The cross was not the defeat of Christ at the hands of the powers: it was the defeat of the powers at the hands – yes, the bleeding hands – of Christ.
The whole biblical drama, . . . the whole tradition of the embrace of pain – from the initiation of covenant to the devastating events of Passion Week – declares that evil is defeated when it is allowed to expend itself in demonic fury on that which it hates the most, the Source of all good. On the servant of the Lord, in the Messiah’s death on the cross, that demonic fury is let loose. The cross was “the victory of weakness over strength, the victory of love over hatred. It was the victory that consisted in Jesus’ allowing evil to do its worst to him, and never attempting to fight it on its own terms. When the power of evil had made its last possible move, Jesus had still not been beaten by it. He bore the weight of the world’s evil to the end, and outlasted it.”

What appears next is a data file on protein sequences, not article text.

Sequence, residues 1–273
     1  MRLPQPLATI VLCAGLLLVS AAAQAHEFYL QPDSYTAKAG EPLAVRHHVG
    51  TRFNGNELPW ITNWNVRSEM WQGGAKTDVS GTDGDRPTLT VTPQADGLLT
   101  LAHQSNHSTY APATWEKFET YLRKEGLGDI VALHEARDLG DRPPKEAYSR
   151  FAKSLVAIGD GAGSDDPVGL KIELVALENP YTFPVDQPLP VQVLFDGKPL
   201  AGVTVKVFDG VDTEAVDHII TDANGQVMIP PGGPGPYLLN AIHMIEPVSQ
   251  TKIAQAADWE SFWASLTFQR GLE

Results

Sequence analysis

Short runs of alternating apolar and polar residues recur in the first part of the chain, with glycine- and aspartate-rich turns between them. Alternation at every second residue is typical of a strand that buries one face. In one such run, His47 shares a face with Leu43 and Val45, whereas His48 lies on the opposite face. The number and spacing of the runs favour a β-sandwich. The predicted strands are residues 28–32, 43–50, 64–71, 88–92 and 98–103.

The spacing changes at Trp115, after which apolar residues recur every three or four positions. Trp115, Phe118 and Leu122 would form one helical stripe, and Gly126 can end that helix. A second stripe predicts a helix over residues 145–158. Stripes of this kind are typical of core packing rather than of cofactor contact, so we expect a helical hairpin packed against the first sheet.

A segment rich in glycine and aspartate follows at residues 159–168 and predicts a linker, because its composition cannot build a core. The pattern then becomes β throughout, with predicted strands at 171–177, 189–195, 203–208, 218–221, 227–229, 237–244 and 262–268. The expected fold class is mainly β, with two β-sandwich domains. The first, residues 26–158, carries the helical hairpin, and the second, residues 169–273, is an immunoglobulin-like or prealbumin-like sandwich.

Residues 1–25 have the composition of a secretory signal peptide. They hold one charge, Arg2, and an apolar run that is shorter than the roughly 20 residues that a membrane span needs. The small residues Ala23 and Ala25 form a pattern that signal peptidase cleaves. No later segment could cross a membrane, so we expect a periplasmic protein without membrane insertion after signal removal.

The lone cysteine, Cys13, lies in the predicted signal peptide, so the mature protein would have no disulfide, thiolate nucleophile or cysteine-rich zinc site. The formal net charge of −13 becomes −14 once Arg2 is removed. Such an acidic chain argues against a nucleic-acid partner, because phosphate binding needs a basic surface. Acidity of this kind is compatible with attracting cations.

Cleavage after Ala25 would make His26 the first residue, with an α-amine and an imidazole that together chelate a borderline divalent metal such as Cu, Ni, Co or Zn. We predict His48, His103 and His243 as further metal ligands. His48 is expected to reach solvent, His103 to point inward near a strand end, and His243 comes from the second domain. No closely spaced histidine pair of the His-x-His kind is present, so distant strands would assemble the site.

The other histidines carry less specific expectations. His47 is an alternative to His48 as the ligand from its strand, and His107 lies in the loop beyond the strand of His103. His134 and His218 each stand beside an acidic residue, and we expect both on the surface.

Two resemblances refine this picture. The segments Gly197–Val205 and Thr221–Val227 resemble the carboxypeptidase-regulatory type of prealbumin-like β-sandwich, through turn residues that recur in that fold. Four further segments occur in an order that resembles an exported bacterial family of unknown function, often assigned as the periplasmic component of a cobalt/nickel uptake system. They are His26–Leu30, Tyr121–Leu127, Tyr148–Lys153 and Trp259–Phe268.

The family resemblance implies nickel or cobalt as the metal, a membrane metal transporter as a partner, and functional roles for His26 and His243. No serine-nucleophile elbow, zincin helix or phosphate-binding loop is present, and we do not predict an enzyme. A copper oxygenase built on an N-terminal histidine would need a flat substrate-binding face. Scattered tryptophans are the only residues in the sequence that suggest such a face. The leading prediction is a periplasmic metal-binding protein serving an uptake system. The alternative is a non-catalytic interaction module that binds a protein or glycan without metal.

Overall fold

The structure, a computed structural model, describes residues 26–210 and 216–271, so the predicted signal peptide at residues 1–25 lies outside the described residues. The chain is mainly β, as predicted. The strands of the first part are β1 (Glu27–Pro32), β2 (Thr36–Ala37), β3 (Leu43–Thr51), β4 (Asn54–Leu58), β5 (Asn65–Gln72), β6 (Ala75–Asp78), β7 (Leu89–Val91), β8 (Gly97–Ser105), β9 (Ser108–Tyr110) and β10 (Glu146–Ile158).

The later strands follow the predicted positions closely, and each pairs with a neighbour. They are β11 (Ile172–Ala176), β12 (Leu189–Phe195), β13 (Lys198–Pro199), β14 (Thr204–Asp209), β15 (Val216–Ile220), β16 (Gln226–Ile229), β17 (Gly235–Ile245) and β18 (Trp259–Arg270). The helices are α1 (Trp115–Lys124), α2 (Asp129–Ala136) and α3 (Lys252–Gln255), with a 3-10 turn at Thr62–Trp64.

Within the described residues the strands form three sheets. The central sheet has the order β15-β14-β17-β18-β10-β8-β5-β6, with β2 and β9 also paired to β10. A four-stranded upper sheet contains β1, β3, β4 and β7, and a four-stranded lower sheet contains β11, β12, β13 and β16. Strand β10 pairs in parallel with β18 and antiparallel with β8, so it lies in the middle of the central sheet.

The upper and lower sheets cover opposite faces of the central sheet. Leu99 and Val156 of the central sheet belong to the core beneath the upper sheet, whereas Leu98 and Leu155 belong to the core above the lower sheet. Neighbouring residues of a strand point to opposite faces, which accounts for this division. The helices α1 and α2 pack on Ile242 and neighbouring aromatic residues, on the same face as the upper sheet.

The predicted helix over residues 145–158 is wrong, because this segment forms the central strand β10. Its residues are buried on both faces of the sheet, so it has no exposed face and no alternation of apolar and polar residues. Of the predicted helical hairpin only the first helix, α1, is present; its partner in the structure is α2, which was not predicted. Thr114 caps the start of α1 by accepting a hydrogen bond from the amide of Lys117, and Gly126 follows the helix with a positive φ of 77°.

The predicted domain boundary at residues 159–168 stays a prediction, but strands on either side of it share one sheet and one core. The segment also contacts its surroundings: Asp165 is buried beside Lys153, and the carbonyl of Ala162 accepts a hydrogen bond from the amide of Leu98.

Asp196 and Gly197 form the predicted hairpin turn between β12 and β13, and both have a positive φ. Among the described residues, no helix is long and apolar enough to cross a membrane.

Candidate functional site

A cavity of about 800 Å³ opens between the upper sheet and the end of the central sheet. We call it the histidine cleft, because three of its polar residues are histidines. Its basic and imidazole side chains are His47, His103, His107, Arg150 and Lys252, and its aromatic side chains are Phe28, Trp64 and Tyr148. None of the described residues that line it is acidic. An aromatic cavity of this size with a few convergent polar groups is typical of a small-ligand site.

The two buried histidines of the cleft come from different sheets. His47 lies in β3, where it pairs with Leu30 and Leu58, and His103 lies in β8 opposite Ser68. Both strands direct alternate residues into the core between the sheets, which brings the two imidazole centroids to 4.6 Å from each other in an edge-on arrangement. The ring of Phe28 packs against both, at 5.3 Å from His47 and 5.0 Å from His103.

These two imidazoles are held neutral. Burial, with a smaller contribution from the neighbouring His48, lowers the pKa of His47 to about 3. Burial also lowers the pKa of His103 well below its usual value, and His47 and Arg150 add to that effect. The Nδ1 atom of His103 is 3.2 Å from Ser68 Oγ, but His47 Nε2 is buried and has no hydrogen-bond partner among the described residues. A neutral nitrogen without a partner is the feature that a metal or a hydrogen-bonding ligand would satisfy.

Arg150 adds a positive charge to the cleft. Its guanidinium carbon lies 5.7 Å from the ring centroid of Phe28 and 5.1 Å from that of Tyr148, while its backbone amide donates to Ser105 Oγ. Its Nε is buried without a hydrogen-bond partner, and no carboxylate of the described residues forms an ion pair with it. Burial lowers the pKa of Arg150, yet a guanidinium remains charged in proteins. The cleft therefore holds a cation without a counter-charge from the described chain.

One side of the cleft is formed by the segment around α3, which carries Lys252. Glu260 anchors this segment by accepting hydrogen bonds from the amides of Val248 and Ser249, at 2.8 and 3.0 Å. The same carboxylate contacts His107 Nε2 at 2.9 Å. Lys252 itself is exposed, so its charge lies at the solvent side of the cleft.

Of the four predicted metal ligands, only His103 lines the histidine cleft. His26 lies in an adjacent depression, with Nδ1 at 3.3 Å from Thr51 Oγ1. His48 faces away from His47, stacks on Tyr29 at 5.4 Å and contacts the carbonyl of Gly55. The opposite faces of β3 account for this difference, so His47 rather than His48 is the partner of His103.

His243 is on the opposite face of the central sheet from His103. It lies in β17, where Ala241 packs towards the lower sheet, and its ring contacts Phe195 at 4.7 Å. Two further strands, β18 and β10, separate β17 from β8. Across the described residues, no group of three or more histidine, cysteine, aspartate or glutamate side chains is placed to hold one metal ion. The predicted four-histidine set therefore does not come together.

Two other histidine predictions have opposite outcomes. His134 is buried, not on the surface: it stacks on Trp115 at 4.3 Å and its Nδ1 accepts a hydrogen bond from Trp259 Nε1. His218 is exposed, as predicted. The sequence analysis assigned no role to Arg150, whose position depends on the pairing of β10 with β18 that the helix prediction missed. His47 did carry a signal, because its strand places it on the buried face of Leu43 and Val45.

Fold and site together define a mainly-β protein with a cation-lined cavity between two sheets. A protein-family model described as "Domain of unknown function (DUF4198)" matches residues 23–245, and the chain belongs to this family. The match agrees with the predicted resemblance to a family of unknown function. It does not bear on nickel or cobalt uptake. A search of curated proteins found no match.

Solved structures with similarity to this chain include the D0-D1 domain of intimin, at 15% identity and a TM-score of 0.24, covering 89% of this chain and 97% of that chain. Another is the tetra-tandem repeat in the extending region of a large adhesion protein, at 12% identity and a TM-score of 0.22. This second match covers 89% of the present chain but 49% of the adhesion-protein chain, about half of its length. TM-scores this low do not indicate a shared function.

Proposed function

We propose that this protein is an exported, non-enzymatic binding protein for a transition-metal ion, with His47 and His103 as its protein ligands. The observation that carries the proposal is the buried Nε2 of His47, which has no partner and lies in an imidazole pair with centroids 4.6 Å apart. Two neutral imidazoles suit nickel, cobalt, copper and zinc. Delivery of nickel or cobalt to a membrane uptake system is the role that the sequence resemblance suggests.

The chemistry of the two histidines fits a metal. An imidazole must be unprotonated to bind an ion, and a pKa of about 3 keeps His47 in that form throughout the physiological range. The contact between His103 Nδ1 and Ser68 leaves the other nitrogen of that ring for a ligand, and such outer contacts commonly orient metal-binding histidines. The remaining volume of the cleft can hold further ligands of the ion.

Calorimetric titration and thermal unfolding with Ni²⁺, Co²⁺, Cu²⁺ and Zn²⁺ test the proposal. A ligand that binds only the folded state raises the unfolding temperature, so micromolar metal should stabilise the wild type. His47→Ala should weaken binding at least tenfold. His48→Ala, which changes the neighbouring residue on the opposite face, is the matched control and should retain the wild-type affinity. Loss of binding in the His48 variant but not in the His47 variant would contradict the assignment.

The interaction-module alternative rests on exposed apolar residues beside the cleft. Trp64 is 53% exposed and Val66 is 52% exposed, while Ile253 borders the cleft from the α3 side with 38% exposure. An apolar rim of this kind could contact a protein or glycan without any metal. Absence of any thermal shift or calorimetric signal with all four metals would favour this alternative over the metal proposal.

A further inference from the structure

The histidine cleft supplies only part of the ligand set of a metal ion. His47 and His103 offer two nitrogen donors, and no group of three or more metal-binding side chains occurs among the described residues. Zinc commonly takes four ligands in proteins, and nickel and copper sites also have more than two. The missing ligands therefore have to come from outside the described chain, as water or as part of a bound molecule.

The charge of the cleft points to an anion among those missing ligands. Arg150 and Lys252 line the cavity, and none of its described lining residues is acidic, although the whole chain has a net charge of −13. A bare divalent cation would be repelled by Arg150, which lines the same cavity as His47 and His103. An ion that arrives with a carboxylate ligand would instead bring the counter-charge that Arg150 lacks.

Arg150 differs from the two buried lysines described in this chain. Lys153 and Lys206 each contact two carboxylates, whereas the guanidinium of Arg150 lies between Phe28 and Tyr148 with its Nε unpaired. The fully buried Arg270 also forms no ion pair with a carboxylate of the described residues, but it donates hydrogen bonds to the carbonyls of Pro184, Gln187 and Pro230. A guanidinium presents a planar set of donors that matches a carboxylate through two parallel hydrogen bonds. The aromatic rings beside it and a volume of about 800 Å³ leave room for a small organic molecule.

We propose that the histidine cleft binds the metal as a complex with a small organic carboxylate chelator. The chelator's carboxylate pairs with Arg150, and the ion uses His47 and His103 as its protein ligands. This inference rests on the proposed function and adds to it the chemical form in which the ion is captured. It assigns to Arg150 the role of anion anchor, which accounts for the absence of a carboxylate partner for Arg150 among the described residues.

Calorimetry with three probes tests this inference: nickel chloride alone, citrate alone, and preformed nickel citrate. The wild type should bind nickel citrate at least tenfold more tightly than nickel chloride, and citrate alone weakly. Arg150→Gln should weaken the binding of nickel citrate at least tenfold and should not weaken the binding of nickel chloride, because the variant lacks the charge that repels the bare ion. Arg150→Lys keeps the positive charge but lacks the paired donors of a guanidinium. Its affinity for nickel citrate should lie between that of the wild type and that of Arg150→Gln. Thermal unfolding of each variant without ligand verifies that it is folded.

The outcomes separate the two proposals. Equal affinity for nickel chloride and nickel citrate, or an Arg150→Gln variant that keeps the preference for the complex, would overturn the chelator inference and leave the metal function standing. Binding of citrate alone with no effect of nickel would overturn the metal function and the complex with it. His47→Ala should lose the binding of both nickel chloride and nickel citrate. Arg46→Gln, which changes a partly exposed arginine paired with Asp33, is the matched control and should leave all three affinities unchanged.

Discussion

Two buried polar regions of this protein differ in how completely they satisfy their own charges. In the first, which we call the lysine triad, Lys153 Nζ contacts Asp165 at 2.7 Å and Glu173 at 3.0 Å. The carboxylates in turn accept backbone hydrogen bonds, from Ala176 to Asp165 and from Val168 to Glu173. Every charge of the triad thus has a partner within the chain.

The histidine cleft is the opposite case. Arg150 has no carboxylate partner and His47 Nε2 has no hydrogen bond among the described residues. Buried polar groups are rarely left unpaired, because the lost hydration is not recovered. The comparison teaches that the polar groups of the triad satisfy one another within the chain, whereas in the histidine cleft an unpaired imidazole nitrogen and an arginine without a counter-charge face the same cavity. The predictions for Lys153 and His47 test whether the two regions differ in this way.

This is what C.S. Lewis calls “deeper magic from the dawn of time” in The Lion, the Witch and the Wardrobe (London: Fontana, 1950), chap. 15.
 N. T. Wright, Following Jesus: Biblical Reflections on Discipleship (Grand Rapids: Eerdmans, 1994), p. 19.
 N. T. Wright, New Tasks for a Renewed Church (London: Hodder and Stoughton, 1992), p. 72. as quoted in Brian J. Walsh and Sylvia C. Keesmaat, Colossians Remixed: Subverting the Empire (Downers Grove: InterVarsity Press, 2004), p. 111.
 Brian J. Walsh and Sylvia C. Keesmaat, Colossians Remixed: Subverting the Empire (Downers Grove: InterVarsity Press, 2004), p. 111.